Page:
Startups in this niche create technologies for autonomous vehicles. These technologies can involve the vehicles themselves, traffic safety measures, or insurance processes. In this relatively new industry, there is tremendous potential for partnerships with and acquisitions by large tech companies and automakers working on autonomous vehicles.

Why it's hot: The development of self-driving cars took off in 2016 with Google's Waymo, Tesla, Uber, Toyota, and GM all announcing progress toward completely autonomous vehicles within the next four years. Many of these companies, especially traditional automakers, are looking to startups to develop the technology they need to keep up with the competition.

What's required: This tech-heavy industry requires a great deal of knowledge about what can be done to improve the transportation industry. Companies have sprung up hoping to disrupt nearly all aspects of transportation, so entering the sector could require skills ranging from app development to data analysis.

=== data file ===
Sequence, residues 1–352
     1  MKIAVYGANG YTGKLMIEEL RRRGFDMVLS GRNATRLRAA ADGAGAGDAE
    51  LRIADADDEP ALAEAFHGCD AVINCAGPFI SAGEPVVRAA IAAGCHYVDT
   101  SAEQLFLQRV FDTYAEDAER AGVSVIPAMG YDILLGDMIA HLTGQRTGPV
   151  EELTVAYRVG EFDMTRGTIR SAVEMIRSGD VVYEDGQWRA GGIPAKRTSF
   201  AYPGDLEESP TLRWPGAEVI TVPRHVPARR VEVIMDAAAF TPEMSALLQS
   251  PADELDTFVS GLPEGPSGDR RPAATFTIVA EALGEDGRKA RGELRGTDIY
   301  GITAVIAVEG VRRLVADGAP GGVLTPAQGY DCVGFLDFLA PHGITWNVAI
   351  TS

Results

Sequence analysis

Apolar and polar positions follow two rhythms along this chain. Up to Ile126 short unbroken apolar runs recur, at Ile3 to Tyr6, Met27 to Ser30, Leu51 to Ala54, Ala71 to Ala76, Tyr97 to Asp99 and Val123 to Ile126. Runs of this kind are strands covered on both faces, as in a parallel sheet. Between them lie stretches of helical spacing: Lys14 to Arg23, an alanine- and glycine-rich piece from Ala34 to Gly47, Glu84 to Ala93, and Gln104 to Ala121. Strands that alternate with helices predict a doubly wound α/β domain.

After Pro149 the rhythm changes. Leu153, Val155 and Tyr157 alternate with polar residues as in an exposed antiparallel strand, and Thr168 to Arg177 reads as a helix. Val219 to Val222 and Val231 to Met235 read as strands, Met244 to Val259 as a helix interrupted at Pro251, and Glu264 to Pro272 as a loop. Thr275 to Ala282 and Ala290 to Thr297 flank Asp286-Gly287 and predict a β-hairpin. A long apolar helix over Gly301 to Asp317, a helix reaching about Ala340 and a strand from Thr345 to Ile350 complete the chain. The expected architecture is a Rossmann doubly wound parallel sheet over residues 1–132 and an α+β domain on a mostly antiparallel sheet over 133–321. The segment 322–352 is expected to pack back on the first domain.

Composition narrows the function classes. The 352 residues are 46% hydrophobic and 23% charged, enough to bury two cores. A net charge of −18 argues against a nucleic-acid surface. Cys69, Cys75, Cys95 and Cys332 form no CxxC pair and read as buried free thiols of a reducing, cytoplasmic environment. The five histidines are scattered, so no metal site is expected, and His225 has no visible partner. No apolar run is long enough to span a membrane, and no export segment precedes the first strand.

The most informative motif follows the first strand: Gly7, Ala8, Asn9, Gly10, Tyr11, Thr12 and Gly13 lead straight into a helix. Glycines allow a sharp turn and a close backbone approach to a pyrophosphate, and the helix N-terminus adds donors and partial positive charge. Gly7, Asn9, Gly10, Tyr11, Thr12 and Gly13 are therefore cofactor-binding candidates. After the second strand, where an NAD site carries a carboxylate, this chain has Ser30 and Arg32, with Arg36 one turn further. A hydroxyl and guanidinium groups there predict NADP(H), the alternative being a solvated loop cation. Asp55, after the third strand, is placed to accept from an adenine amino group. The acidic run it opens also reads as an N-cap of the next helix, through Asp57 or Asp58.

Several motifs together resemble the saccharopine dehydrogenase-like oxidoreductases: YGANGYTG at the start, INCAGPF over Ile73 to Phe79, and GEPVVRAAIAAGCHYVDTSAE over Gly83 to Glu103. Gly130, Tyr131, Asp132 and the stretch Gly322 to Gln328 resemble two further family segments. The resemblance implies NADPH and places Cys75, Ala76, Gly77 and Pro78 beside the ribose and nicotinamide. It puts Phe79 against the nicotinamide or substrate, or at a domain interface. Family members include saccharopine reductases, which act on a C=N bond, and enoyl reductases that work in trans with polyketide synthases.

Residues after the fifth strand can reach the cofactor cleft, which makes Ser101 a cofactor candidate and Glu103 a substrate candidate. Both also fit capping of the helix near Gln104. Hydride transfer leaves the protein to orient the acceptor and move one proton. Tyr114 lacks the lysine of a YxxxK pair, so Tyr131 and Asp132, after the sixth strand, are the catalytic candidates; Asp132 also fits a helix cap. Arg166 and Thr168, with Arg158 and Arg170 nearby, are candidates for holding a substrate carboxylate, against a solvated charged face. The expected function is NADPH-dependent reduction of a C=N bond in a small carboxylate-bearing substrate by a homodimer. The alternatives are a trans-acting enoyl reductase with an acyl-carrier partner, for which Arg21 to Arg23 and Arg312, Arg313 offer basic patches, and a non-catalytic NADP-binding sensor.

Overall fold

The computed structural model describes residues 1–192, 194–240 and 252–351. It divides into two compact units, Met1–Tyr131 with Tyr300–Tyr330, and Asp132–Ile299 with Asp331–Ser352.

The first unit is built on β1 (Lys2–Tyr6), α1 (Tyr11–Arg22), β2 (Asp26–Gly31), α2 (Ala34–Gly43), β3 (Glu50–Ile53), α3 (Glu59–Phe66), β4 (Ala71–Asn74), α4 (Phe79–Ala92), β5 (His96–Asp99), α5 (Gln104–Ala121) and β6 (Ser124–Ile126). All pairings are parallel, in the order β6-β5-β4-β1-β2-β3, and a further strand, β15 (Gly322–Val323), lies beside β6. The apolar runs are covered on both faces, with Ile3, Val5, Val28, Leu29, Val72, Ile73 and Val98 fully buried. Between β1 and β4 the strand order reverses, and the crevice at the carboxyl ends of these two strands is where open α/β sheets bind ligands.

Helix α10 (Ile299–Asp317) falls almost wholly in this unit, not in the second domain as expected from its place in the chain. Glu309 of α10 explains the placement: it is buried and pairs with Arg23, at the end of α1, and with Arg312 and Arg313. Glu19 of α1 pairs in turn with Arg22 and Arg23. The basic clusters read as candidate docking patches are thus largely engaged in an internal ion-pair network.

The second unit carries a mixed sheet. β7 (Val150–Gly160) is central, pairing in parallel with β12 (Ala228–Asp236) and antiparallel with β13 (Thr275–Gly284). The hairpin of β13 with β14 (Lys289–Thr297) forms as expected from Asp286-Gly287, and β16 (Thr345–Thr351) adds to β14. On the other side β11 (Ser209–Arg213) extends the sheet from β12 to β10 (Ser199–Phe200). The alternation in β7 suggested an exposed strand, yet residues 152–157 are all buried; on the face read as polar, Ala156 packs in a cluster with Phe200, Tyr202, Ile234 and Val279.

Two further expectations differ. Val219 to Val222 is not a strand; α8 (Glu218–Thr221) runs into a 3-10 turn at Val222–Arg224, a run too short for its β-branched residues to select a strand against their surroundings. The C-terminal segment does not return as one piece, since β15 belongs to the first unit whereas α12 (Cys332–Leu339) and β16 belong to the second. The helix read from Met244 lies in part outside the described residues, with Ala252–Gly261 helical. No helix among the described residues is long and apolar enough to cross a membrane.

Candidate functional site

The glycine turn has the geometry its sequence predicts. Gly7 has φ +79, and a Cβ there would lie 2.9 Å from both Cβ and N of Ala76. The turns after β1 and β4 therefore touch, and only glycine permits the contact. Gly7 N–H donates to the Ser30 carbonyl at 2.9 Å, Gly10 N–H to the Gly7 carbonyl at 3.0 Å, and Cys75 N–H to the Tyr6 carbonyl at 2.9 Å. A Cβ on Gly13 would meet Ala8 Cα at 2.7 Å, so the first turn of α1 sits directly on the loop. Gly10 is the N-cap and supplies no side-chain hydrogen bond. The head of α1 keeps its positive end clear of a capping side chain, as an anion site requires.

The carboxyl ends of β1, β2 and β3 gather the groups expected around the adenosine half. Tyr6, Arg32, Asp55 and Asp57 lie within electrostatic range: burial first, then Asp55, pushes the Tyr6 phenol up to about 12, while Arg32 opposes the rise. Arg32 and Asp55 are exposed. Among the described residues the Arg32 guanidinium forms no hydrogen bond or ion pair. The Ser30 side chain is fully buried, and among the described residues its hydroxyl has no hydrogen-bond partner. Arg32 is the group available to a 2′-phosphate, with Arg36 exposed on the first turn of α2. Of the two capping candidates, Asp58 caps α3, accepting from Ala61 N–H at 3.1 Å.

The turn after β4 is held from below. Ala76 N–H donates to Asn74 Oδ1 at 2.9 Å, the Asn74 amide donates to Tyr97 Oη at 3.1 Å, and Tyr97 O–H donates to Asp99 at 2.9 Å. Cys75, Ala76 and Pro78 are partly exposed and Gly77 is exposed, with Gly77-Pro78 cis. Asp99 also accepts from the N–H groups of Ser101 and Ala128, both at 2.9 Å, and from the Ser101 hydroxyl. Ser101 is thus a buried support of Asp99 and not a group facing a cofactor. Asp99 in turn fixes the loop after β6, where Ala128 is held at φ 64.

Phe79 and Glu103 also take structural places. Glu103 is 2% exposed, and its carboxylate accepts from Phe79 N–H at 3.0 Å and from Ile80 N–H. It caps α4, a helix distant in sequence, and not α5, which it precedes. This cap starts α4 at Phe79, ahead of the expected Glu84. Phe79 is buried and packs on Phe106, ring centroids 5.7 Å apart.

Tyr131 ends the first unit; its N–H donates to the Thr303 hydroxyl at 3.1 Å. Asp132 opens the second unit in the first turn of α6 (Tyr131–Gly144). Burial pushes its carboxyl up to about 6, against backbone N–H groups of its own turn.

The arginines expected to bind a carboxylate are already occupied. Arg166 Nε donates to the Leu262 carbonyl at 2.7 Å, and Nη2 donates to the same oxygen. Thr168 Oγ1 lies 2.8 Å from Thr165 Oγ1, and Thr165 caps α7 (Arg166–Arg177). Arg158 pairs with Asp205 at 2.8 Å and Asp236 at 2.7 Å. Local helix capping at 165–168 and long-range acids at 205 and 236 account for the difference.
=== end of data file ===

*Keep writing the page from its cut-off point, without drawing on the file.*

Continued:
Barriers to entry: Entrepreneurs should have a high level of understanding of the technical aspects of autonomous vehicles as well as related systems, such as insurance and law enforcement.

The downside: Commercial availability of self-driving cars is still several years away. While companies hammer out exactly what's needed to make the vehicles work, startups might have to run solely on funding from investors.

Competition: Major automakers are already forming partnerships with startups to advance their autonomous car projects. For example, Ford partnered with vehicle rental startup Zoomcar, GPS mapping service Spatial, and safety notification platform HAAS Alert. BMW struck deals with carpooling app Scoop and camera maker Nauto.

Growth: In 2016, the number of U.S. startups related to autonomous vehicles that landed VC deals nearly doubled to 14, and the total dollar amount invested shot up to $459 million from just $59 million the previous year, according to Pitchbook data.